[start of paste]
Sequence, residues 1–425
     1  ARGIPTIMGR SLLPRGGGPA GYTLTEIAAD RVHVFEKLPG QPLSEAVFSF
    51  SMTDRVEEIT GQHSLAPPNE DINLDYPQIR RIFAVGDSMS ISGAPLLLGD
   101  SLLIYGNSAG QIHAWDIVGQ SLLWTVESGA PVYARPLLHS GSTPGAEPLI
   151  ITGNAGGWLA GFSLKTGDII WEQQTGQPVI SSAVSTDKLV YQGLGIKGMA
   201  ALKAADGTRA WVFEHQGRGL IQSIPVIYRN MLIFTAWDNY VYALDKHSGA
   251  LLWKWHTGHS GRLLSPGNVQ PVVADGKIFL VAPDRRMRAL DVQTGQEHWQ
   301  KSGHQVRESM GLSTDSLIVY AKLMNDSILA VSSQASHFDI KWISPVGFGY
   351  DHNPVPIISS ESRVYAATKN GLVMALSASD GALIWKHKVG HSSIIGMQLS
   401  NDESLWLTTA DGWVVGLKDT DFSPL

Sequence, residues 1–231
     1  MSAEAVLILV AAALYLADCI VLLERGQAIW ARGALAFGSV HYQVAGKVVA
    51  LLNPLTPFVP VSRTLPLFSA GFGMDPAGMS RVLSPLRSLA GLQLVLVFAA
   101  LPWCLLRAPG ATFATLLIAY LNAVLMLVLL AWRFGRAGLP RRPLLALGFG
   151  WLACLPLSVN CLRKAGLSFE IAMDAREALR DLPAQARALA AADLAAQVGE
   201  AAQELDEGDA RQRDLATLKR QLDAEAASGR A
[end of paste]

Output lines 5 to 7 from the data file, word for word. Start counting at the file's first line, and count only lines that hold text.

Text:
   151  ITGNAGGWLA GFSLKTGDII WEQQTGQPVI SSAVSTDKLV YQGLGIKGMA
   201  ALKAADGTRA WVFEHQGRGL IQSIPVIYRN MLIFTAWDNY VYALDKHSGA
   251  LLWKWHTGHS GRLLSPGNVQ PVVADGKIFL VAPDRRMRAL DVQTGQEHWQ